You order an item from Walmart. It goes from a central warehouse to a local distribution center, typically via a diesel-powered truck. From there, it goes into another diesel-powered truck and gets delivered to your door. That means there are a lot of carbon emissions associated with getting that package to you. Not only that, but Walmart has to pay the salaries of the people who drive those trucks and deliver those packages. It also has to buy the trucks and the fuel to operate them, as well as cover maintenance costs.
But now Walmart says it will be delivering packages that weigh 10 pounds or less to customers in certain parts of Arizona, Arkansas, Florida, Texas, Utah, and Virginia by drones that lower the packages to the ground via a cable. The service will be provided in cooperation with DroneUp and should begin before the end of this year. The company says as many as 1 million packages could be delivered by drone each year at a cost of $3.99 each. There are 4 million people living within the parts of the US where drone delivery is available. It will be the largest drone delivery service in America when it begins.
According to The Guardian, Walmart hasn’t released any details of its drone delivery system, such as how squadrons of drones would operate in newly congested airspace or how potential conflicts with other drone operators would be resolved. Some argue that drone delivery will be more energy efficient than using trucks powered by fossil fuel and will also help reduce urban air pollution.
Many cities around the world now allow robot delivery vehicles guided by human handlers to use sidewalks to deliver food and supplies as an example of “last-mile logistics,” mostly for fresh food delivery. But Walmart’s drone project significantly expands the range of products that could be dropped by air. The company said it will offer up to 100,000 different products from a variety of categories, from detergents to batteries to snacks.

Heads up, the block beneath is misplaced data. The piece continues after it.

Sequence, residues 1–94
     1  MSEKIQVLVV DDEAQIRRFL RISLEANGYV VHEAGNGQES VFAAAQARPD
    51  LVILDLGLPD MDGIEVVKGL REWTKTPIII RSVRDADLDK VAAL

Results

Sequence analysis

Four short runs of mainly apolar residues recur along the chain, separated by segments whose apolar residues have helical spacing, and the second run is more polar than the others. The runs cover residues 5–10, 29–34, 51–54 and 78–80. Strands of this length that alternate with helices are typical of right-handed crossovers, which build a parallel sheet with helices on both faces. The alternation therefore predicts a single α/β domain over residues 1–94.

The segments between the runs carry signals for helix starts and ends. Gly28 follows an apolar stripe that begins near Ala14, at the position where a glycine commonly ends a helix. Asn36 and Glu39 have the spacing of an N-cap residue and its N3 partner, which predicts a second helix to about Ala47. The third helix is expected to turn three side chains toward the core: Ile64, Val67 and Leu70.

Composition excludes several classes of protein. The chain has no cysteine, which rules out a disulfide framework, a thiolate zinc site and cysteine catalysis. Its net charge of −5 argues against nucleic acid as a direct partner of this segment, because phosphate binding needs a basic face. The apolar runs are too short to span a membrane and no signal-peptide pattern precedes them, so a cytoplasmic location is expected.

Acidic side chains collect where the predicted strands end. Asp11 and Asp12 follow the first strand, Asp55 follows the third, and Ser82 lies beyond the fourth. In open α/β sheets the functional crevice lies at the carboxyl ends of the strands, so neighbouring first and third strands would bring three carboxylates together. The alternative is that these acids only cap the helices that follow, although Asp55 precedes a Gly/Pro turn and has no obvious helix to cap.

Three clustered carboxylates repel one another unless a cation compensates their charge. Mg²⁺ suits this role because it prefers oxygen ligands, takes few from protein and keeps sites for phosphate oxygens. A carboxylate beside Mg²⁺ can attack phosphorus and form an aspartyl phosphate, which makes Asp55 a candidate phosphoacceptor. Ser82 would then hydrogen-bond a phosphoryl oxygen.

Walmart is being challenged by Amazon, but believes it has an edge because of the number of physical stores it operates. 90% of all Americans live within 10 miles of a Walmart store. Customer orders will be packaged at the stores, then flown by a drone to a front yard or driveway, where they will be lowered to the ground using a cable. In early drone delivery tests, the company says customers didn’t consider drone delivery to be just for emergency supplies like medicine or Covid test kits. In fact, the top delivery item in one location was Hamburger Helper.
Walmart has a few locations near its headquarters in Arkansas where drone deliveries are already taking place. Even when this new program kicks off later this year, only 37 stores will be be included — less than 1% of all the stores in its chain of retail establishments. No doubt if the drone delivery process is successful, it will be expanded to other Walmart stores as well.
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